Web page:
Scott: Summer is right around the corner, and for many of you that means hitting the beach – or at least hanging out in the sun. So, of course, you have got to remember your sunscreen. And today, Keith Kocinski breaks down how to stay safe in the sun.
Keith: Do you wear sunscreen and how often do you wear it?
Lilli Bethliriano: You know what? It is so bad, I actually don’t. I never put it on.
Mary Leigh Montgomery: Anytime it is remotely sunny out I have to wear sunscreen or I get burned.
Keith: Doctors say you should always wear sunscreen when you are outside, even if you are spending time in the shade. The risk of getting melanoma – the most serious form of skin cancer – doubles if you have had five or more sunburns.
Do you think the higher the SPF means the better protection?
Keith: SPF, or Sun Protection Factor, is how many times longer it takes your skin to burn than it would without sunscreen.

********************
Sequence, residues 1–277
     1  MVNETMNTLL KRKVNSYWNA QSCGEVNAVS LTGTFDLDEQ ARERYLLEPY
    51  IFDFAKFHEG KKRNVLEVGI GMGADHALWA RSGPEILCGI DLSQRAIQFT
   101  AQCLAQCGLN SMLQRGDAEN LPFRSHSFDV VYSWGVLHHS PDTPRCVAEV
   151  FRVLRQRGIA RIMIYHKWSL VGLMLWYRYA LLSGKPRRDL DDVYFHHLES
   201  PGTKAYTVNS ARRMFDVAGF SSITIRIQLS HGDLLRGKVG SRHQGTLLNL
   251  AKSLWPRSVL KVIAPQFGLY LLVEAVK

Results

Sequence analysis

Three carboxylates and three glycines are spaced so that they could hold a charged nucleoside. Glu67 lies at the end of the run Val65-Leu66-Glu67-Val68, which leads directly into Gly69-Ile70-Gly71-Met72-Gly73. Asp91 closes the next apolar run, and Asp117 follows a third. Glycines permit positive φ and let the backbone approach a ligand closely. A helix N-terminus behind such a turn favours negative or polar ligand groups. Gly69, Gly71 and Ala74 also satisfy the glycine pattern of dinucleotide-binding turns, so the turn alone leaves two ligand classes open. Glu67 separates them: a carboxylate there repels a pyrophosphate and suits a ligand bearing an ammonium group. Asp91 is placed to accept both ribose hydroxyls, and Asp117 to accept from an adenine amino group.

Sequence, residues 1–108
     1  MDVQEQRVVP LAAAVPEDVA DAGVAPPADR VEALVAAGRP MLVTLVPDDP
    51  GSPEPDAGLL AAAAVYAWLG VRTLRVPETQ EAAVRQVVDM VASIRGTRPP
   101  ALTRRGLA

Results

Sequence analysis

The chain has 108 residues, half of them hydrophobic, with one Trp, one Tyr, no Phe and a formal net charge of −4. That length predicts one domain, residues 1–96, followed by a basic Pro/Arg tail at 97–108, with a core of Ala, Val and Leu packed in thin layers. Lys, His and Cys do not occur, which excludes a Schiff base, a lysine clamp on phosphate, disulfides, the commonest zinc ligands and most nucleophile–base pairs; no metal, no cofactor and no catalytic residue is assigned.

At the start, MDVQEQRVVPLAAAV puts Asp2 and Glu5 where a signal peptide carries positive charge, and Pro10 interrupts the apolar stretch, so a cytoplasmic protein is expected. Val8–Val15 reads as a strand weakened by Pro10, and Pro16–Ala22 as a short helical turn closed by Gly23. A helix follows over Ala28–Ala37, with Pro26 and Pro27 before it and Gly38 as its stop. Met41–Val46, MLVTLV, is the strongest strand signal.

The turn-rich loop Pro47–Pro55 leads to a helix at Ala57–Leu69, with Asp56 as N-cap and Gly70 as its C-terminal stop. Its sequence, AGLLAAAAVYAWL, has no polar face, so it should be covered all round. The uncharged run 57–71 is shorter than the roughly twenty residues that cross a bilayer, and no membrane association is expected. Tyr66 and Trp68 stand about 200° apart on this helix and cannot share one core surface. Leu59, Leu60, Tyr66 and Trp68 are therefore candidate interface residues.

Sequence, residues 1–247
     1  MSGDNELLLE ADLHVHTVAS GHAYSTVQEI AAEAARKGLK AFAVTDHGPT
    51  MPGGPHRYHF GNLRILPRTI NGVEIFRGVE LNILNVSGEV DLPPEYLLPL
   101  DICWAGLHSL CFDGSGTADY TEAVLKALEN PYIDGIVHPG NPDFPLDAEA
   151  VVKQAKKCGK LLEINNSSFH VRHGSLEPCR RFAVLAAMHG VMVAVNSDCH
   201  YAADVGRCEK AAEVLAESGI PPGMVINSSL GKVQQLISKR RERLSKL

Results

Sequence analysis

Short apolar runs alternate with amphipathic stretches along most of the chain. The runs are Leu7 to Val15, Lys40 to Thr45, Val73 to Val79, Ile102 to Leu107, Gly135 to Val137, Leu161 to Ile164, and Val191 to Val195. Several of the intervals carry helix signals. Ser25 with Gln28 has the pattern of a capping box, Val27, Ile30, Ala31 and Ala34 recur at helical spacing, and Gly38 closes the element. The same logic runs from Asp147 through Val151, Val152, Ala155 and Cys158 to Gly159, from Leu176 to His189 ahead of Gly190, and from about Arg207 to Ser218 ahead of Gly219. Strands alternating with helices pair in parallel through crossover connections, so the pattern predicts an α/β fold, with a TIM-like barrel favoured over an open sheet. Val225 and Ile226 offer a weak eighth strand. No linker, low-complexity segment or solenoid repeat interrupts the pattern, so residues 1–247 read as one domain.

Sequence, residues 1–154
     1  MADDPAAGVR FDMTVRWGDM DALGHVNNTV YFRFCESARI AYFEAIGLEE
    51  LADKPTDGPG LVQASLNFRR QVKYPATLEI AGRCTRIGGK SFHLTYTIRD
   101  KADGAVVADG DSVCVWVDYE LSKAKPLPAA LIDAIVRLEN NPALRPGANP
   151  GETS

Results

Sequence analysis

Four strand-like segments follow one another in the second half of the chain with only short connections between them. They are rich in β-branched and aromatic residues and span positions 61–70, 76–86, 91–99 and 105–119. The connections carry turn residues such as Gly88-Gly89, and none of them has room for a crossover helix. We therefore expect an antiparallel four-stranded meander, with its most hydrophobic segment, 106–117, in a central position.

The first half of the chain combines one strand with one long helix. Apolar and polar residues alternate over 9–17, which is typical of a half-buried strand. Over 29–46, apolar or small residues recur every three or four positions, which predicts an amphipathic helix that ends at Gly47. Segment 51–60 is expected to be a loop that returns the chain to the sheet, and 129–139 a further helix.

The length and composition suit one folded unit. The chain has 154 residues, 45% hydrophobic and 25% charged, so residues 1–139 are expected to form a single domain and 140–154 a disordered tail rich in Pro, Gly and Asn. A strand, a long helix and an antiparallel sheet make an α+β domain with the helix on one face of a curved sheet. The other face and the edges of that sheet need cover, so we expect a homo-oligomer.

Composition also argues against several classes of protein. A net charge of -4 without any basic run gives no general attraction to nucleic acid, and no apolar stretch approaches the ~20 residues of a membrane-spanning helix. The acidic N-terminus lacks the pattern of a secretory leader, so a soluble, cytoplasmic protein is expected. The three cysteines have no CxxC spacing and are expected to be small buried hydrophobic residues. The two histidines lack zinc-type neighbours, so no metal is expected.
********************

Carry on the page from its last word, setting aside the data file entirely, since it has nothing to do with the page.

Rebecca Supple: I heard that kind of over 45 is kind of like a bit of a joke, and it doesn’t work as well as the ones underneath 45.
Dr. Katz: As long as you have an SPF of 30, you’re fine. You’re protected very well. Anything higher than that is purely marketing.
Keith: In fact, you could go all the way to SPF 100 and only get an extra percentage point or two more protection.
How often do you think you should apply and reapply sunscreen?
Boy: Well, I guess I’d apply sunscreen before I go to the beach, and then after maybe like two hours I’d put it on again.
Girl: If I’m doing more activity, like playing something or in the water and I come out. Then I reapply it.
Keith: What sunscreen works better? Do you think the lotion kind or the spray-on kind?
Mary Leigh: The lotion kind.
Dr. Katz: Spray sunscreens are fine as long as you don’t inhale them. And also, after you apply them, you spread them around so they’re evenly distributed.
Keith: Doctors also say remember to put on sunscreen twenty minutes before going out in the sun and use lots of it – about 1.5 ounces for your entire body. Also make sure to reapply it every couple of hours or sooner if you are sweating or swimming.
Keith Kocinski, Channel One News.
Scott: For more on how to stay safe in the sun this summer, go to ChannelOne.com.